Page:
To many, the EU's 1995 Directive has failed. While the global trend toward adopting laws similar to the Directive suggests that many nations value privacy rights, commentators and empirical studies reveal significant shortcomings. The Directive is simultaneously over-inclusive and under-inclusive. It outlaws harmless activities while allowing exceptions that threaten to swallow the rule. Edward Snowden revealed a disrupting example showing that national governments enjoy wide latitude to collect and use personal information under the guise of national security.
The problem of protecting private information is exacerbated by technology that continues to leapfrog. Information privacy is made continually more difficult with each new app and innovation. The Internet of Things is more probable than speculative. Everyday objects — thermostats, garage doors, beer mugs — communicate with the Internet through sensors. Radio-frequency identification is a predicate to computer identification and assimilation of everyday physical objects, enabling the use of these objects to be monitored and inventoried by computers. Tagging and monitoring objects could similarly be accomplished by other technologies like near field communication, barcodes, QR codes and digital watermarking, raising the legitimate argument that informational privacy — at least as envisioned in the 1995 Directive’s absolute terms — is impossible.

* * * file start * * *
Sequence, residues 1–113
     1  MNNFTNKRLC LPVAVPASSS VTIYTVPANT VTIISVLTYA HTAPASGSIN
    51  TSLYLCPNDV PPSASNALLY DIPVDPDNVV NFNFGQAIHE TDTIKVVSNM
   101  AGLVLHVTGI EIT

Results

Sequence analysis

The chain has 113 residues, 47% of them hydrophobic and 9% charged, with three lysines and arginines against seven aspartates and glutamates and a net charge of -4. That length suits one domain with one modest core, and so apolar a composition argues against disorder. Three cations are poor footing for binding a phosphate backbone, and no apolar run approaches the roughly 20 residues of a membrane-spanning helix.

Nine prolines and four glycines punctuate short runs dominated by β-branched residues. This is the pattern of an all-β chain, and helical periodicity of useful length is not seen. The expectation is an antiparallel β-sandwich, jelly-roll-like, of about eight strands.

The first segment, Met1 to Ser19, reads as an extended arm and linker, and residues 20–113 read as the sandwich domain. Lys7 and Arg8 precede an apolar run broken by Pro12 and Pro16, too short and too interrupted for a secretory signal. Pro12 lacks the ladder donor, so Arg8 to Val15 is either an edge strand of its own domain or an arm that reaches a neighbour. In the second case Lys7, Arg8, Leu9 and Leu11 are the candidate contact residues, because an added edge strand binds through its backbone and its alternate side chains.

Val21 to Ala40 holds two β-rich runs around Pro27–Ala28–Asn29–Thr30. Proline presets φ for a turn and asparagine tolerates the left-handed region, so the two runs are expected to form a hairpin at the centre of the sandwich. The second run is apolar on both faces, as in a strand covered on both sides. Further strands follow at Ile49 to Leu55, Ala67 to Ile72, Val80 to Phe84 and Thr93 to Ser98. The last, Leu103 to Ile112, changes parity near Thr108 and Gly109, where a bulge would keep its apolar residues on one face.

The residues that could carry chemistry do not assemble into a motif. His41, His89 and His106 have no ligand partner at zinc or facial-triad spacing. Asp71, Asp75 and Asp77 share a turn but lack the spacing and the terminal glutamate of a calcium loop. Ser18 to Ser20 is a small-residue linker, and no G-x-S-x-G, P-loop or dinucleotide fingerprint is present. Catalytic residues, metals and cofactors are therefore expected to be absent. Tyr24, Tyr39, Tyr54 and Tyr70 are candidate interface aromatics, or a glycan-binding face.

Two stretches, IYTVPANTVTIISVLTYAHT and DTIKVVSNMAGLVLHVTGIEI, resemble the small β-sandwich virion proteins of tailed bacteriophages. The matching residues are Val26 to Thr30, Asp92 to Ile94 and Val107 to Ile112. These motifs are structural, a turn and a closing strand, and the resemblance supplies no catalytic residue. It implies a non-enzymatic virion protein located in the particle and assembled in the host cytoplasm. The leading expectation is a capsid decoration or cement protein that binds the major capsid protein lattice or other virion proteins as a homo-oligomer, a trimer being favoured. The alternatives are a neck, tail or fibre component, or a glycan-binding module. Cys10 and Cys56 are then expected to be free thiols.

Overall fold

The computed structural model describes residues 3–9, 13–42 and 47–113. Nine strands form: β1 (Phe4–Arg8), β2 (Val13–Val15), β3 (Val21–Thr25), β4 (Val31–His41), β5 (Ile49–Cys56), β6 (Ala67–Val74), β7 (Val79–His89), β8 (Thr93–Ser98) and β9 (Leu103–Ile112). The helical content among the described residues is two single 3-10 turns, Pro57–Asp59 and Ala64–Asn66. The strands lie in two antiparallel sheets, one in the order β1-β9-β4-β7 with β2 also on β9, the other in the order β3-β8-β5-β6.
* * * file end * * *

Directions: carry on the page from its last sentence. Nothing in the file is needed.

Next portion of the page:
Informational privacy cannot be accomplished by declaring it a fundamental right and outlawing all processing of personal information. To legally realize and enforce a privacy right in personal information, incremental, graduated, and practical legislation better achieve the goal than sweeping proclamations that have applications to actions unrelated to the harms associated with the absence of the right. With information privacy in particular, a capacious claim of right to all personal information undermines legal enforcement because the harms attending lack of privacy are too often ill-defined and misunderstood. This paper reviews the shortcomings of the EU Directive, reviews new privacy challenges posed by the Internet of Things, and posits a regulatory regime based on risk of harm.